Edgar SPURLIN, Plaintiff, Appellant, v. MERCHANTS INSURANCE COMPANY OF NEW HAMPSHIRE, d/b/a Merchants Insurance Group, Defendant, Appellee.
On June 8, 1984, Gilbert Fox left his car for repairs at Yankee Dodge, a Schenectady, New York, car dealership and service shop. Yankee Dodge gave him a “loaner” car to use until the repairs were completed. Later that day, Fox was involved in an auto accident in Massachusetts while driving the loaner car. His passenger, Edgar Spurlin, was badly injured.
In August 1986, Spurlin filed a tort action against Fox and Yankee Dodge in Massachusetts superior court based on the accident. Fox was insured by Travelers Insurance Company, and Yankee Dodge was insured by Merchants Insurance Company of New Hampshire under a “garage policy.” After negotiations, Spurlin dismissed his claim against Yankee Dodge with prejudice. He also negotiated a settlement with Travelers for $100,000, the limit of Fox's policy. In exchange, Spurlin released Fox from any liability for the accident except to the extent that Fox was covered by other insurance policies.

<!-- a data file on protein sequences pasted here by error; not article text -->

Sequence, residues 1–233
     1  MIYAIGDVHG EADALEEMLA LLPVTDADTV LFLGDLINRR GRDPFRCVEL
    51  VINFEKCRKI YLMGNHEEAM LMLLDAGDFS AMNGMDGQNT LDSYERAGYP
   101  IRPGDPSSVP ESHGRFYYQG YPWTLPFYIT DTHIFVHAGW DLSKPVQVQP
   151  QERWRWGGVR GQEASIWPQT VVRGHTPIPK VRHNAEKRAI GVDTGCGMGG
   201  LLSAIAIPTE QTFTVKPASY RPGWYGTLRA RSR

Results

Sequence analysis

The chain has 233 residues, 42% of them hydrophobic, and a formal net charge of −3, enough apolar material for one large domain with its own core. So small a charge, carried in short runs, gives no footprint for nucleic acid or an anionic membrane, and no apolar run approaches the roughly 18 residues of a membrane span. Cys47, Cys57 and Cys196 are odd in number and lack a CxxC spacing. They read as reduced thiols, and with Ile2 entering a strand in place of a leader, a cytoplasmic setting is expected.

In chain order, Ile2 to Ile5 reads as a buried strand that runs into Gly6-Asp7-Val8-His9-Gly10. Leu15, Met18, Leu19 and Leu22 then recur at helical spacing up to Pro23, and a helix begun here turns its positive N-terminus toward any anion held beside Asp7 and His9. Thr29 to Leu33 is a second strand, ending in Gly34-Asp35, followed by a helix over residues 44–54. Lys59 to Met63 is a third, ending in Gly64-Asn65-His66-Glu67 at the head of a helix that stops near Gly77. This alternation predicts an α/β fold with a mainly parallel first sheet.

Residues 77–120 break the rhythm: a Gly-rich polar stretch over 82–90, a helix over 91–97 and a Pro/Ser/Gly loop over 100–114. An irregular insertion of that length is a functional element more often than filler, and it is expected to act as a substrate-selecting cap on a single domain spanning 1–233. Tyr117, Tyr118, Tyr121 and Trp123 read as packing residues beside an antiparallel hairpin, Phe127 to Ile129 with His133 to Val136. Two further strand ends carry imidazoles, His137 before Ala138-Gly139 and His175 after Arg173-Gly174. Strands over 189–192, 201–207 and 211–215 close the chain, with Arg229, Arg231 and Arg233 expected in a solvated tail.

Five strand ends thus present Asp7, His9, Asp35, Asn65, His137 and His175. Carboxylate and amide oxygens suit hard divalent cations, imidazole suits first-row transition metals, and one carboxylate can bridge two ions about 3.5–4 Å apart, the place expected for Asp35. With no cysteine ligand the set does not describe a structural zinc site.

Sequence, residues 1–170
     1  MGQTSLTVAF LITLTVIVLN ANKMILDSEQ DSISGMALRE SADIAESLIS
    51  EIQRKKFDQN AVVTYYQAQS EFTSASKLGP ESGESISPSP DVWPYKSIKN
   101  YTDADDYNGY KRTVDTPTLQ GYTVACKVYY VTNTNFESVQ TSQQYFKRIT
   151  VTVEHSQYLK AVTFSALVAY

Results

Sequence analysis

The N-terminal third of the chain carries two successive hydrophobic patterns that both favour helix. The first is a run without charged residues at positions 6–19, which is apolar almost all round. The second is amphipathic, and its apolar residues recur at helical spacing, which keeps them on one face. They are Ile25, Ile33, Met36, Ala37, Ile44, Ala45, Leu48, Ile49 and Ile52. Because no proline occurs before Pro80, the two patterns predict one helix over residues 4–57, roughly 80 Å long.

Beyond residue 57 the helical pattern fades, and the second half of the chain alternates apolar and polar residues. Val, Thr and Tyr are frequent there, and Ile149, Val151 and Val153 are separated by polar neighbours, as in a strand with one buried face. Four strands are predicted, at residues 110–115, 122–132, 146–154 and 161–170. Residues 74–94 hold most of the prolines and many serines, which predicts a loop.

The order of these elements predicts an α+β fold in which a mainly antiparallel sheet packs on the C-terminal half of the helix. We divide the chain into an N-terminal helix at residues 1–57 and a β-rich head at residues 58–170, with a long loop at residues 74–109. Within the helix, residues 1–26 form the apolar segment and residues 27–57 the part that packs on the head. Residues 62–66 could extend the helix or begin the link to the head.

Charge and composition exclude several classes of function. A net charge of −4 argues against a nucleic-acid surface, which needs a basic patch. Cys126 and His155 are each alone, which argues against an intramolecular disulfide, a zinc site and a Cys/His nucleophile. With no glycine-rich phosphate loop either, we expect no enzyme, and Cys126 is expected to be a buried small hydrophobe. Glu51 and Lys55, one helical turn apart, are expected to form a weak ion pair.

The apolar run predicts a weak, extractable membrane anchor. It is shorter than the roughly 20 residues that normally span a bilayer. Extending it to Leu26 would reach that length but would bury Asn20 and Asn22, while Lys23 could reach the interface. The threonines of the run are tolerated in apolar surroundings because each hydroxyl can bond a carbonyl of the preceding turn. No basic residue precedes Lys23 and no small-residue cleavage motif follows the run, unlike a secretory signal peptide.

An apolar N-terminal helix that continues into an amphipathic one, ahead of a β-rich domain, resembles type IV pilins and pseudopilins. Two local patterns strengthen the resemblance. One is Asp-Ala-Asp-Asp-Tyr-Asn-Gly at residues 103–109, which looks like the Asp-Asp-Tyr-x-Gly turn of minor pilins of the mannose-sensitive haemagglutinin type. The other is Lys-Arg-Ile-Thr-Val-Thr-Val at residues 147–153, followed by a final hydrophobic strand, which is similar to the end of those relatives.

Spurlin's case against Fox proceeded to trial in the state court and resulted in a jury verdict of $615,000 in favor of Spurlin. The execution of judgment issued in the amount of $962,487.25, which represented the $615,000 jury verdict plus $436,650 in interest, less the $100,000 settlement from Travelers. Spurlin demanded payment by Merchants on the ground that Fox was an insured under the Yankee Dodge garage policy. Merchants disclaimed coverage.
On July 9, 1993, Spurlin filed the instant action against Merchants in Massachusetts superior court, alleging in the first count that his injuries were compensable under Merchants' insurance policy and in the second count that Merchants had violated Mass.Gen.L. ch. 93A, and Mass.Gen.L. ch. 176D. Merchants removed the case to the district court based on diversity jurisdiction. On cross motions for summary judgment, the district judge granted summary judgment in favor of Merchants. Spurlin v. Merchants Ins. Co., 866 F.Supp. 57 (D.Mass.1994). Spurlin now appeals.